Intertwined with the value of responsibility is safety. The safety and health of all patients must be upheld, with particular consideration towards those with IDD and other vulnerable communities. The safety of vulnerable groups must be at the forefront of decision-making regarding allocation procedures in the COVID-19 pandemic. The placement of vulnerable groups, such as IDD, as higher urgency in allocation lists would actively work to aid these groups by ensuring they can be protected by the virus as quickly as possible. This equitable approach, as opposed to equal, would benefit such communities. Differentiating equal and equitable allocation in this scenario is extremely important, as each option would generate different outcomes. An equal approach may provide a fixed number of vaccines to be distributed to a group, and all groups receive the same amount of vaccines. While this does allow a part of a group to receive the vaccine, the most vulnerable groups would be provided for by the same ratio that non-vulnerable groups are. This approach would not effectively reduce the number of hospitalizations and deaths, as the people suffering the most from the virus are not given the resources needed. An equitable approach would account for these disparities and protect the safety and health of this vulnerable group. A significant factor in both CDC recommended guidelines and individual state vaccine allocation priority lists is the age of U.S. citizens. In nearly all vaccine priority lists, the elderly were prioritized, as they are also an extremely vulnerable group in this pandemic. Unfortunately, there are many other groups at risk of severe COVID-19, people with IDD included. Action must be taken to account for more of these vulnerable populations to protect the safety and health of as many people as possible.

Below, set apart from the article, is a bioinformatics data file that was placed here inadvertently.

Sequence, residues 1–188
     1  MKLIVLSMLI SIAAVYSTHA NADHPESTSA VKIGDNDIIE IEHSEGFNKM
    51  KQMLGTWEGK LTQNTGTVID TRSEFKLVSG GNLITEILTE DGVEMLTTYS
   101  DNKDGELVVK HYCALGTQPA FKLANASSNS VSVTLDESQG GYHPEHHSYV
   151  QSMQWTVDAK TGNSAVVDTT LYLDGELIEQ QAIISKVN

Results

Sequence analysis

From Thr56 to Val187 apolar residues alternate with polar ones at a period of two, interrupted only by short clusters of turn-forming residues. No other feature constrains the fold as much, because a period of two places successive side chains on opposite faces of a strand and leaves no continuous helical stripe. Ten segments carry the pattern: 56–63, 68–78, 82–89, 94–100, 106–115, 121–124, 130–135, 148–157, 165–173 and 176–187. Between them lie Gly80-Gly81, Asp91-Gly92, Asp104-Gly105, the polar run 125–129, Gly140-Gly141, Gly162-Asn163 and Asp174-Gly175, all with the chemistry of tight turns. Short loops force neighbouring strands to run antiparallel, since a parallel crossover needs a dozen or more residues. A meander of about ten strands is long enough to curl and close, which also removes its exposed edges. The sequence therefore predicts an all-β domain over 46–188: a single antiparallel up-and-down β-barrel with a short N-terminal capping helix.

Of course, all of these values interact and impact each other. For example, a more equitable approach to this issue would decrease hospitalizations and deaths by providing aid to those most vulnerable and emphasize the importance of social responsibility. Those who are not included in these vulnerable groups must take responsibility for their safety and the safety of others.
In addition to the previously mentioned values, different ethical theories can be considered to determine an ethical course of action. Some theories may uphold some stakeholders or values above others, so it is essential to recognize who is benefiting from each perspective and who is being hurt. The first theory I would like to present for consideration is deontology, or using a set of rules to determine ethicality. Under deontological decision-making, a set of rules may be drafted to produce a system of allocation that would benefit a group. Through the use of deontological rules, clarity can be provided to groups that have consistently been left out of these protocols by ensuring that action is taken to best aid and inform these vulnerable groups. An example of a set of these rules may be that groups (such as disabled communities) must be listed explicitly on vaccine priority lists. Even if placed lower on the lists than what I consider ethical, disabled communities would know when they would receive a vaccine and where on the list they are located. A deontological rule stating that a vulnerable group must be placed at high priority, alongside frontline healthcare workers, would actively work to protect these vulnerable groups. This would still rely on those who are non-vulnerable to uphold their social responsibility. With this being considered, I also acknowledge that there are issues with a completely deontological perspective. Deontological rules do not leave room for exceptions, which is essential in triage protocols, vaccine distribution, and medical rationing. This can be harmful to those that are not strictly a part of these vulnerable groups, but are in dire need of a resource, vaccine, or ventilator but are not ‘allowed’ to get one at that time according to the rules.